WHY THIS MATTERS IN BRIEF
After the US Pentagon announced it can no longer keep up with the variety or voracity of cyber attacks the US DOD wants to develop autonomous AI’s that can.
After a damning admission from the Pentagon that warned that the US military can no longer keep up with the increase in cyber attacks, both in terms of volume and type, the US Army has announced that it is seeking information about “Autonomous Cyber” capabilities, or Robo-Hackers to you and I, that use “adaptable Artificial Intelligence (AI) and machine learning technologies” to autonomously defend its networks and protect its own intelligent cybersecurity systems against sophisticated cyberattacks. In other words, they want to pit adaptable, autonomous AI’s against their ever present cyber threats, and eventually launch them into cyberspace – something that the Pentagon did last year when they embedded one of the first generation autonomous robo-hackers, called “Mayhem,” into their critical systems to defend them from attacks.
A branch of the Army’s research and development enterprise known as the Space and Terrestrial Communications Directorate, or S&TCD, is seeking cybersecurity tools able to make “automated network decisions and defend against adaptive autonomous cyber attackers at machine speed,” according to a recent solicitation.
The RFI reflects the Pentagon’s growing interest in algorithmic cybersecurity tools. Public and private sector organizations around the world are investing in intelligence and automation, to a varying degree, to compensate for the global shortage of trained cybersecurity analysts.
Another reason organizations are turning to AI powered cyber defences is to counter the threat posed by intelligent cyber weapons. In February 2018, a group of more than two dozen researchers representing the Washington based Center for a New American Security, Cambridge University, Oxford University, and nonprofit organizations including the Electronic Frontier Foundation and OpenAI, issued a groundbreaking report warning that AI technologies could amplify the destructive power available to nation-states and individual criminal enterprises.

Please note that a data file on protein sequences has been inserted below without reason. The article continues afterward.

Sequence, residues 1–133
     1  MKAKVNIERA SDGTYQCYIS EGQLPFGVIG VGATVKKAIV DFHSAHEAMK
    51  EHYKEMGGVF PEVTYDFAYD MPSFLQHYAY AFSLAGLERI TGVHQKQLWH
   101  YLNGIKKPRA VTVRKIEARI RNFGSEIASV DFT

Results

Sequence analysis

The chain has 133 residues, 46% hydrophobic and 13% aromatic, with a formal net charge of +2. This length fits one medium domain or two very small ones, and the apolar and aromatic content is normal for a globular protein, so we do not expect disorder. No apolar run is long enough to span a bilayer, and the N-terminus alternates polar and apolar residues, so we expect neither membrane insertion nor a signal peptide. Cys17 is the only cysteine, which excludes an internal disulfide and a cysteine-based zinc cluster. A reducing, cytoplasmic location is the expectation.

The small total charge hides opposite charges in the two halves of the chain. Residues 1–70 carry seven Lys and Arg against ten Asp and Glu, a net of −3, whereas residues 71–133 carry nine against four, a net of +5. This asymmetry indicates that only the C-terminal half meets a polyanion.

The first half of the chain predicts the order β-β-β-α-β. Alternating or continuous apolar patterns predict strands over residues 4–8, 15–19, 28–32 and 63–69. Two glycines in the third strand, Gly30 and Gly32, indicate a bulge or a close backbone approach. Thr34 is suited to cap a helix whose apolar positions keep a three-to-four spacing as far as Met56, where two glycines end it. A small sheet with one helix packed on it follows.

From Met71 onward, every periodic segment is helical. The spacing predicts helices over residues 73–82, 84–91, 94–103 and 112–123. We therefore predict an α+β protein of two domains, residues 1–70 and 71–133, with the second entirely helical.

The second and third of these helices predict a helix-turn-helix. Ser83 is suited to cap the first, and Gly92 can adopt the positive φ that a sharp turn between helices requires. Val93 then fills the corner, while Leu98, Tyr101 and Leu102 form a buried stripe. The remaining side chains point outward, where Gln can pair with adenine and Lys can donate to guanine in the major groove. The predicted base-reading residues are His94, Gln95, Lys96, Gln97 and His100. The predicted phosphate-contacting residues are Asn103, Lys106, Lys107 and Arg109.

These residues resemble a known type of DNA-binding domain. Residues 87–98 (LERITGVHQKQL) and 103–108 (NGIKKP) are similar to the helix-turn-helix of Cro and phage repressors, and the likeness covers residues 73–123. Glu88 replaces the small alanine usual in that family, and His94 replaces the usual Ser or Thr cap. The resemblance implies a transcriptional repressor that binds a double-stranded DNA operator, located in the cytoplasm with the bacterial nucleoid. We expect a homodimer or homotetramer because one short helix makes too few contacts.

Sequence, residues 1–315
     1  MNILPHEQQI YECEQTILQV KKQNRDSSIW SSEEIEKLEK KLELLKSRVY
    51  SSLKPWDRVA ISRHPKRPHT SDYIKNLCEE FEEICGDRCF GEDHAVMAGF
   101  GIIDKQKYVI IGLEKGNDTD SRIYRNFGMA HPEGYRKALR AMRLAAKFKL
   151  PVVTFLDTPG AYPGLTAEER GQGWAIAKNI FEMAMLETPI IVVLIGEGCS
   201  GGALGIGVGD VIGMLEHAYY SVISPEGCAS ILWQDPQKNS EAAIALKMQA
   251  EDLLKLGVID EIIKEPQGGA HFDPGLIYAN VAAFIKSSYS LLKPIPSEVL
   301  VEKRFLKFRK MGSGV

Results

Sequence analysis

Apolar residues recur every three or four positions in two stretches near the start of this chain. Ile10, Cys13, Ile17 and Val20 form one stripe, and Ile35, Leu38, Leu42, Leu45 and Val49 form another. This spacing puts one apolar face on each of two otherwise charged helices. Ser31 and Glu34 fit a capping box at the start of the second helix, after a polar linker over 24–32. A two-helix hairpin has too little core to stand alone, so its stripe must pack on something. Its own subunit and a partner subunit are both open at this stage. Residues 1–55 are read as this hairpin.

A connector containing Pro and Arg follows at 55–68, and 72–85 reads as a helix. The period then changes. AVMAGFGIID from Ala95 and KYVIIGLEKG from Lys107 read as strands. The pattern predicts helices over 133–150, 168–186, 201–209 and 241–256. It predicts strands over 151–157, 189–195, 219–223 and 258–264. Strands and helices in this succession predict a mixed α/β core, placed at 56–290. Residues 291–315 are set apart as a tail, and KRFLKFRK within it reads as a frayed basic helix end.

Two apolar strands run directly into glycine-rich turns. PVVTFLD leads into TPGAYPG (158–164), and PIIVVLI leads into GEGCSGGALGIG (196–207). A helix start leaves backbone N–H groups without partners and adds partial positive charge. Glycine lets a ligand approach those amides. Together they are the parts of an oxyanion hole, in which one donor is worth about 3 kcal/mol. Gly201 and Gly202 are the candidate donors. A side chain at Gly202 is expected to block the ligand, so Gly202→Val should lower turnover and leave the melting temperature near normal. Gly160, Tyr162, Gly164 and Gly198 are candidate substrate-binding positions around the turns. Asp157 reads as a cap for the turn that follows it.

The report outlines dozens of ways attackers could use AI to their advantage, from generating automated spear-phishing attacks capable of reliably fooling their human targets, to triggering ransomware attacks using voice or facial recognition, to designing new forms of malware that mimics normal user behaviour, like we first saw last year, to evade detection.
Although there haven’t yet been confirmed cases of AI-enabled cyberattacks, the researchers conclude that, “the pace of progress in AI suggests the likelihood of cyber attacks leveraging machine learning capabilities in the wild soon, if they have not done so already.” And Pentagon officials appear to be taking the threat seriously.
In December last year testimony before the House Subcommittee on Emerging Threats, Pentagon chief information officer Dana Deasy said that researchers at the new Joint Artificial Intelligence Center (JAIC) are already working on ways to develop technologies to “detect and deter advanced adversarial cyber actors.”
The JAIC will play a key role alongside the Pentagon’s Research & Engineering (R&E) enterprise to “deliver new AI-enabled capabilities to end users as well as to help incrementally develop the common foundation that is essential for scaling AI’s impact across DoD,” Deasy said.
One of the JAIC’s first tasks is to organize the massive stockpiles of data that Pentagon agencies will use to train their machine learning algorithms and make the data more resilient to tampering, Pentagon Undersecretary for R&E Lisa Porter told lawmakers. Porter highlighted the risks posed by “adversarial AI” – attacks designed to trick intelligent systems into making mistakes – that could undermine trust in these systems.
“Adversaries have the ability to manipulate AI data and algorithms to the point where the AI system is defeated,” wrote Celeste Fralick, chief data scientist and senior principal engineer at the cybersecurity giant McAfee, in a recent op-ed. For example, attackers could target the Pentagon’s own intelligent cyber defenses with what’s known as a “black box” attack – reverse-engineering the defender’s algorithms in search of blind spots malware can slip through.
Similarly, said Fralick, machine learning systems are vulnerable to “poisoning” attacks, where a hacker injects false data into a training data set to bias the results of the algorithm. To use predictive maintenance as an example, the Air Force is investing heavily in machine learning tools to analyze flight records, maintenance logs, and sensor data in an effort to predict when parts will wear out or which aircraft will require maintenance on a given day. If adversaries are able to “poison” the predictive maintenance algorithm, the Air Force could, in theory, be forced to spend millions on redundant repairs. Worse, it might send unsafe aircraft out on duty.
Maintaining trust in these systems is central to the mission of the JAIC and the larger R&E enterprise, said Porter, noting that countering adversarial AI is a top priority for DARPA, the US military’s bleeding edge research arm, five-year, $2 billion AI Next initiative.
The Army appears to be working toward the same objective in parallel. Its Autonomous Cyber solicitation calls for multiple tools and methodologies it can use to “red team” – or pressure test – its current AI-based cyber defenses and improve resistance to manipulation.